Pittsburgh Post Gazette
Review: ‘Be Careful Who You Love: Inside the Michael Jackson Case’ By Diane Dimond
By Lamont Jones
Volumes have been written about legendary entertainer Michael Jackson and the child-molestation accusations that have swirled around him for more than a decade.
Now Dimond serves up her version, a gripping page-turner that dissects the multiple allegations of child sex-abuse leveled at Jackson, who, since the first case in 1993, has gone from superstar to falling star.Dimond, who credits herself with breaking the first story in 1993 while working for the syndicated TV program “Hard Copy,” takes readers on the scene and behind the scenes from that case through Jackson’s second abuse scandal, a trial that ended in his acquittal in June.
She serves heaping helpings of compelling information, some of it quite graphic, that never made it through mass media filters and into the domain of a public that tends to privilege sound bites and briefs over detail and nuance.
True objectivity is impossible, especially for a journalist who has covered a story so painstakingly for so long. But Dimond bends over backward to be even-handed, perhaps to ease those who night be skeptical because of her tenure with Fox News. But her other credentials are sufficient to outweigh that suspicion: anchoring news and covering the 2000 presidential election at MSNBC; co-hosting a nightly news program on CNBC; working stints as an on-air correspondent, investigative unit anchor and chief executive investigative editor for Court TV; and receiving a citation from Time magazine for her continuing coverage of the Jackson case as among “The Best TV of ’93.”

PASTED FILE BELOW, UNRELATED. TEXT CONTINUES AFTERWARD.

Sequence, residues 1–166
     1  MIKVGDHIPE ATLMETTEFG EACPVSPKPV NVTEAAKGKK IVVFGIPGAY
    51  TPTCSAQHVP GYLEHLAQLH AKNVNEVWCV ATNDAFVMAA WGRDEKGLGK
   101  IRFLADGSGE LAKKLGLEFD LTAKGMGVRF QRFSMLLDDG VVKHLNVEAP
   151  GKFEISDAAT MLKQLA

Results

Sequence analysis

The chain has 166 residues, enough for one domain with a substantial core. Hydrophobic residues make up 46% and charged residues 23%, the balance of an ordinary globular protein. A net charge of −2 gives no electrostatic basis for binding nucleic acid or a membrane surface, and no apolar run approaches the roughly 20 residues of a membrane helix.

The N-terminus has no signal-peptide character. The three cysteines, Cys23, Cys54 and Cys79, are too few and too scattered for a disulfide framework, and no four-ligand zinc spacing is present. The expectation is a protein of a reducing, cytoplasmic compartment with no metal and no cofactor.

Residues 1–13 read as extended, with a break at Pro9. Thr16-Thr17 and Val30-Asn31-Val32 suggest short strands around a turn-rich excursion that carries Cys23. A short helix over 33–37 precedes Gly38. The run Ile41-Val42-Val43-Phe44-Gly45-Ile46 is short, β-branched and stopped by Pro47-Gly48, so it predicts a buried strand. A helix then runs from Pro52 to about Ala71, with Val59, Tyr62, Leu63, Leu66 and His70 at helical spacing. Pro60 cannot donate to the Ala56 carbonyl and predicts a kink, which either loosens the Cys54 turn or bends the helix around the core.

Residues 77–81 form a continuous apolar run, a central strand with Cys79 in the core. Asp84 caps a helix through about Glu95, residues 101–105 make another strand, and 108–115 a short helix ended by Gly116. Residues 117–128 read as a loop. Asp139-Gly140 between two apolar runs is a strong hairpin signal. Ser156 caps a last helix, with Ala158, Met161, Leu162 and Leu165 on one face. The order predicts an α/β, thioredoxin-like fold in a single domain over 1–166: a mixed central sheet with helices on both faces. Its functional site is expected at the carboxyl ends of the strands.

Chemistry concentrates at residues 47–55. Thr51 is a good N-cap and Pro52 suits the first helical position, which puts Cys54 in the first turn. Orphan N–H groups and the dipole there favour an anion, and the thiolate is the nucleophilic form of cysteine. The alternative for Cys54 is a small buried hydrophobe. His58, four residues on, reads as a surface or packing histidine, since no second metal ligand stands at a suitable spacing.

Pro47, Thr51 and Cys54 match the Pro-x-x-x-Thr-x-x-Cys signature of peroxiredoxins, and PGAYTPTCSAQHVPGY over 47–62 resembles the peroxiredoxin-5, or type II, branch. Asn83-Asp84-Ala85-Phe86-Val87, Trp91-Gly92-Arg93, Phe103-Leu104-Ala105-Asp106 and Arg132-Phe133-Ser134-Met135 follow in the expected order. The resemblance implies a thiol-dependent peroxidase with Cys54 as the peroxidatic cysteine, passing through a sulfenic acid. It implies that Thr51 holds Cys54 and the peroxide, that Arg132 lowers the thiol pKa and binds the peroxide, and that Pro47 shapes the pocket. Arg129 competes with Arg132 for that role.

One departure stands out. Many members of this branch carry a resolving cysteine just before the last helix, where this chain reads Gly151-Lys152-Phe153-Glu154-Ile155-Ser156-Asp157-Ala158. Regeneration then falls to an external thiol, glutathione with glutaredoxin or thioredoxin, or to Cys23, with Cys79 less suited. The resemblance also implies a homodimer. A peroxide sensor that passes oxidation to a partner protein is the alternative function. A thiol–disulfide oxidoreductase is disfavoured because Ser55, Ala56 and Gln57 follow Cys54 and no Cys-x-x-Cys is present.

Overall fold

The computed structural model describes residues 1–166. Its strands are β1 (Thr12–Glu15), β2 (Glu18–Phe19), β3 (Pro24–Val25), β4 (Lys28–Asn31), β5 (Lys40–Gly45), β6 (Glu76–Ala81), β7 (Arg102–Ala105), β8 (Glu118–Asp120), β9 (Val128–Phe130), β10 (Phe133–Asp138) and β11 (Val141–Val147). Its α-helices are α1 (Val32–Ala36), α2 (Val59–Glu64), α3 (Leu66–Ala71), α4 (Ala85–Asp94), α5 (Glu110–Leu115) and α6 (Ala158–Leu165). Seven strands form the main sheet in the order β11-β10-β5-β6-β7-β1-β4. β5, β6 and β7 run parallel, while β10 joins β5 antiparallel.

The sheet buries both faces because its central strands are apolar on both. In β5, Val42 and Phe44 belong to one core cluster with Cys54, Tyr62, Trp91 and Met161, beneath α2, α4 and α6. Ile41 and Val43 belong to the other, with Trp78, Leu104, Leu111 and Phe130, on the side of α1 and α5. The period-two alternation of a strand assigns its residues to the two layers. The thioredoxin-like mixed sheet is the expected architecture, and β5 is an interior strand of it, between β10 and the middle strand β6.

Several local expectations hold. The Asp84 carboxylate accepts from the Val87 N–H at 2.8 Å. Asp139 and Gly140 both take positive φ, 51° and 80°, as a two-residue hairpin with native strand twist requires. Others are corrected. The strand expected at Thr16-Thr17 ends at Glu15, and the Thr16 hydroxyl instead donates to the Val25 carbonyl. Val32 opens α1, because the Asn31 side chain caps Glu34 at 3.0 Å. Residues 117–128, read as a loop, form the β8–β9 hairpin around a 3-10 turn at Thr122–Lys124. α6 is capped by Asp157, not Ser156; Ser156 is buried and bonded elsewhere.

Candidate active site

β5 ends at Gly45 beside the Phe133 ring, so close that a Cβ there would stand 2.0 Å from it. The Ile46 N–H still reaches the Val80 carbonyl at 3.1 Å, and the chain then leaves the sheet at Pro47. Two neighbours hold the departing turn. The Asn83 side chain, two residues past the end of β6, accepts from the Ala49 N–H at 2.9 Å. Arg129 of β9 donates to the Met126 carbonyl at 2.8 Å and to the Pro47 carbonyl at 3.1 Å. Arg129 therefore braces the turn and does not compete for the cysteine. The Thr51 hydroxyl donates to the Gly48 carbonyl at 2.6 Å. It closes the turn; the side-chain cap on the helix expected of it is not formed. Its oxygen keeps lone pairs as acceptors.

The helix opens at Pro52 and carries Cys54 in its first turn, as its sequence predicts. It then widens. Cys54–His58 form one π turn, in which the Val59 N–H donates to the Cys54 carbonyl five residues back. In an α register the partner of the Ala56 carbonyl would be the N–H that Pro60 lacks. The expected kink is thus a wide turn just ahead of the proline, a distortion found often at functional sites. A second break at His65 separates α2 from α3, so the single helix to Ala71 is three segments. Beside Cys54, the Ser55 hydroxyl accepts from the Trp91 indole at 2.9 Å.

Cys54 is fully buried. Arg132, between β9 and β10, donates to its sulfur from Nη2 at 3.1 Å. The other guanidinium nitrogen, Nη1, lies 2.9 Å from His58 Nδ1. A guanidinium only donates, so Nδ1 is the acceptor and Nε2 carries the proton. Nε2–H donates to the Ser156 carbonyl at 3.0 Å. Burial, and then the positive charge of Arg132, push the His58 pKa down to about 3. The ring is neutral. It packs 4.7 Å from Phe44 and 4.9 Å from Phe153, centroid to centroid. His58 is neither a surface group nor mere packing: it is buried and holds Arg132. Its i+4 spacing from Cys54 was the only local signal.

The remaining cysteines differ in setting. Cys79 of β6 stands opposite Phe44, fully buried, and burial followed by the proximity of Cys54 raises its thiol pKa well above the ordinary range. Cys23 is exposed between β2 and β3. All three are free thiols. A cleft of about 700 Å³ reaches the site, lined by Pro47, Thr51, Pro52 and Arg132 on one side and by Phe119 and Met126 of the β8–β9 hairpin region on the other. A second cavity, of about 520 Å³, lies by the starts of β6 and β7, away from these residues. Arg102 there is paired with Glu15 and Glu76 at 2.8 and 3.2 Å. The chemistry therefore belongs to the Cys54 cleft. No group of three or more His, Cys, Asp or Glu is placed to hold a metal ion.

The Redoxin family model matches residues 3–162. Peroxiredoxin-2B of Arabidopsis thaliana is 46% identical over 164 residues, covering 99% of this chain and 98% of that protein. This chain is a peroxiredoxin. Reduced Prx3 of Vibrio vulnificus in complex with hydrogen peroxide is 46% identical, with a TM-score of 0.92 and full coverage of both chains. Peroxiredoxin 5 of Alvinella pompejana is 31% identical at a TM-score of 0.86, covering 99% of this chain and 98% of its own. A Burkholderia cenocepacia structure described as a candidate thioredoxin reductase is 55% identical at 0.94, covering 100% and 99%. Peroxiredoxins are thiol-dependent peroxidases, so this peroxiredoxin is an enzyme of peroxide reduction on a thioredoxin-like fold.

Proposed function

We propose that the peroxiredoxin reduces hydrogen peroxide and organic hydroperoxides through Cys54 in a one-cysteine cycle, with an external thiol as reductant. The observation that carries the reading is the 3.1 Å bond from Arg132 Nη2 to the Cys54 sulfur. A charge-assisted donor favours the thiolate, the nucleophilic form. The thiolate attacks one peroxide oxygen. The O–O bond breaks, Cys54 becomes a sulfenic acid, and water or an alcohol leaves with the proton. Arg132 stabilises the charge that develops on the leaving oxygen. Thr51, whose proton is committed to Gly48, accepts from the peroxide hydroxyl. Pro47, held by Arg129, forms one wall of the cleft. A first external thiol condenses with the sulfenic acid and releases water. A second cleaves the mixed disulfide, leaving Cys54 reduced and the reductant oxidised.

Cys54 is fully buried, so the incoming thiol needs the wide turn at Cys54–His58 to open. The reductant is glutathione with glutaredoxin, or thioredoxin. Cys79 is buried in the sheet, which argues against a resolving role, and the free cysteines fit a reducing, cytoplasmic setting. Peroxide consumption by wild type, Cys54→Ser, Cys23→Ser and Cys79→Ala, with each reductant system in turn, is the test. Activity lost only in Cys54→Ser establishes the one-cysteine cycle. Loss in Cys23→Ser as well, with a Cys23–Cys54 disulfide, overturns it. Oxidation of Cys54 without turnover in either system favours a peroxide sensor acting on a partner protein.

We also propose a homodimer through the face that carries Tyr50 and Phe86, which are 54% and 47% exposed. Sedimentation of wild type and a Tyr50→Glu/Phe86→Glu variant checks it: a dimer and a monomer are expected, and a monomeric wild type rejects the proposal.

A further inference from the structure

Dimond tracks the story through mid-2005, describing, for example, the devastated lives of the accusers’ families, former Jackson employees and other ordinary people who got caught up in the controversy.
She also reveals that when Jackson’s camp contacted organizers of the Live 8 African relief charity concerts about the singer possibly performing, they turned him down, another sign that Jackson’s reputation may be irreparably tarnished.
Facts are one thing; truth is another. And Dimond’s account has a certain ring of truth. She marshals an army of relevant facts — personal interviews with witnesses, corroborating court transcripts, sworn affidavits, confidential child welfare records supplied by secret sources — to paint perhaps the most thorough picture to date of what happened in the Jackson cases, how, and why.
Jackson’s supporters will have a difficult time writing off Dimond’s book as a get-Michael literary vendetta.
The author scrutinizes not just Jackson and his team, but also his accusers and their families, law-enforcement practices, jury dynamics and the historic difficulties of proving child sex-abuse allegations.
Dimond never says whether she believes Jackson is guilty of molesting his accusers or if she thinks he’s a pedophile. But by the end of her book, it’s difficult to conclude that he is neither.